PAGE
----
The Dark Days Pact doesn’t suffer from a lack of intrigue and action. Far from it. Whereas The Dark Days Club was a little slow to get going – the author needing to show just how constrained society was for women at this period of time – Book 2 neatly sidesteps the problem by having Lady Helen learning to walk and talk just like a man, and indeed the descriptions of her being dressed as both a man and a woman, highlight just how ridiculous fashion was during the Georgian period.
As soon as that’s been accomplished, Lady Helen finds herself caught in the middle of a number of different intrigues as she tries to please everyone, and initially, fails quite magnificently.
If anything, my only slight problem with the novel is the Duke of Selburn, who quite simply, gets in the way time and time again. As others have mentioned – you can’t help wondering if he is The Great Deceiver but that is not answered in this novel, and possibly won’t be for a good few to go.
Bring on Book 3!

This is a Young Adult book but I was drawn to the first novel because of its historical setting – the early 1810’s. The author provides a fascinating glimpse of high society at the time and manages to weave contemporary events into the story in a deft fashion. I hoped it would amuse my own Young Adult in the family who is a huge fan of the Shadowhunters series (I prefer the series set in Victorian London), and it worked it’s magic, so much so, that Pride and Prejudice and Zombies is now being read. As such I think it appeals to those who like historical fiction with a slight twist, and also the younger generation, although some of the words are a little strange and I did have to point out that there was a dictionary on the kindle to look up what the words meant. Some of the storyline is also a little risque for the younger of the young adults but on another level it works to highlight how much has changed in society in the last two hundred years and how much more accepting today’s world is of well, almost everyone!

You can buy it here but read Book 1 first!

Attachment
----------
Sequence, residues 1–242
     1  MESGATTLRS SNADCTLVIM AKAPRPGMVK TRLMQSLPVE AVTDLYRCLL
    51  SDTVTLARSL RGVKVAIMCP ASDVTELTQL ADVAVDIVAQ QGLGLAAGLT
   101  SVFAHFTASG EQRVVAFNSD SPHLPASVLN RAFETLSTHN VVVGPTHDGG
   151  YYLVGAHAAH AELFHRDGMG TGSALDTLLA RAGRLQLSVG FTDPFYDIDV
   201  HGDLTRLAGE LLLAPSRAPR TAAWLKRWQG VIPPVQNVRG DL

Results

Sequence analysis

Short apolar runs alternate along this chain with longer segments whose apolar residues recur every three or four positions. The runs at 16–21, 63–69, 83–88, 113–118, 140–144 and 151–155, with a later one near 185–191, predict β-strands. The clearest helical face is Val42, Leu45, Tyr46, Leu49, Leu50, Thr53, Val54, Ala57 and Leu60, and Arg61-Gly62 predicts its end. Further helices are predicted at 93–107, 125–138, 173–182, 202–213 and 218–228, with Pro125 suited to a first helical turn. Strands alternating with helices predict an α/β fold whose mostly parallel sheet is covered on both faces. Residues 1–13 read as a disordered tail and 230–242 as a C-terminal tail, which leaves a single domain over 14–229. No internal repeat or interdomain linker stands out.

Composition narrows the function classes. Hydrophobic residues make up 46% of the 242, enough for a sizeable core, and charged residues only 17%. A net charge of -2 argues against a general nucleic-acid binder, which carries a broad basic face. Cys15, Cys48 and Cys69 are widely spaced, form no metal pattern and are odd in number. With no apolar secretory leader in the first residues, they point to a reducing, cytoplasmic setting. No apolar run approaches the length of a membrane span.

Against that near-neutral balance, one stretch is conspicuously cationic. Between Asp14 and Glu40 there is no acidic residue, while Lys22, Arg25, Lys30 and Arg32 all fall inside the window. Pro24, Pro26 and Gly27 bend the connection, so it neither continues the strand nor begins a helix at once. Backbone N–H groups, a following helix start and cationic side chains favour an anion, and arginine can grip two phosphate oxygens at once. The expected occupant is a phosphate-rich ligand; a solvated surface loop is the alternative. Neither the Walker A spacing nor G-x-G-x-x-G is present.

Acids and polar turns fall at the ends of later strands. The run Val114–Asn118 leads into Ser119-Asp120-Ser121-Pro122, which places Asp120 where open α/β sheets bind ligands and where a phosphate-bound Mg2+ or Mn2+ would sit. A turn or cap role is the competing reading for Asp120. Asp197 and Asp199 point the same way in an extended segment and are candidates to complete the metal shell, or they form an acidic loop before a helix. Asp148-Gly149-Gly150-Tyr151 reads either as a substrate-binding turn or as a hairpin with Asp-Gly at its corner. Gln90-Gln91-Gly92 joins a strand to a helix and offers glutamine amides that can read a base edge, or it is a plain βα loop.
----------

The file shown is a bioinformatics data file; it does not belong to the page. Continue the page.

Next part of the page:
Book Review -Ruddy Gore by Kerry Greenwood

Here’s the blurb,

“Running late to a gala performance of Gilbert and Sullivan’s Ruddigore, Phryne Fisher meets some thugs in dark alley and handles them convincingly before they can ruin her silver dress. She then finds that she has rescued the handsome Lin Chung, and his grandmother, who briefly mistake her for a deity.
Denying divinity but accepting cognac, she later continues safely to the theatre where her night is again interrupted by a bizarre death onstage.

What links can Phryne find between the ridiculously entertaining plot of Ruddigore, the Chinese community of Little Bourke St., or the actors treading the boards of His Majestys Theatre?”

Netflix keeps suggesting that I watch the TV series of these books and so I was pleased to be offered the opportunity to read a free E-Arc in exchange for a review from Netgalley.

So, I knew that this was a period piece and I do love a good mystery and I wasn’t disappointed. The writing style is light and infectious (if occasionally a little muddled with Gilbert and Sullivan quotes – something I’m not very familiar with), and the characterisation of Miss Fisher is excellent. It didn’t matter that this was book 7 and the first one I was reading.

I very much enjoyed the attention to detail of both being in a theatre and the 1920’s in Australia, as well as the back story in London, and I might just listen to Netflix and give the TV series a view as well.

Would recommend to all those who like a good period piece who done it.

And you can buy it here;

Just so you know – I am now completely addicted to these novels. They’re short and sweet and very easy to read.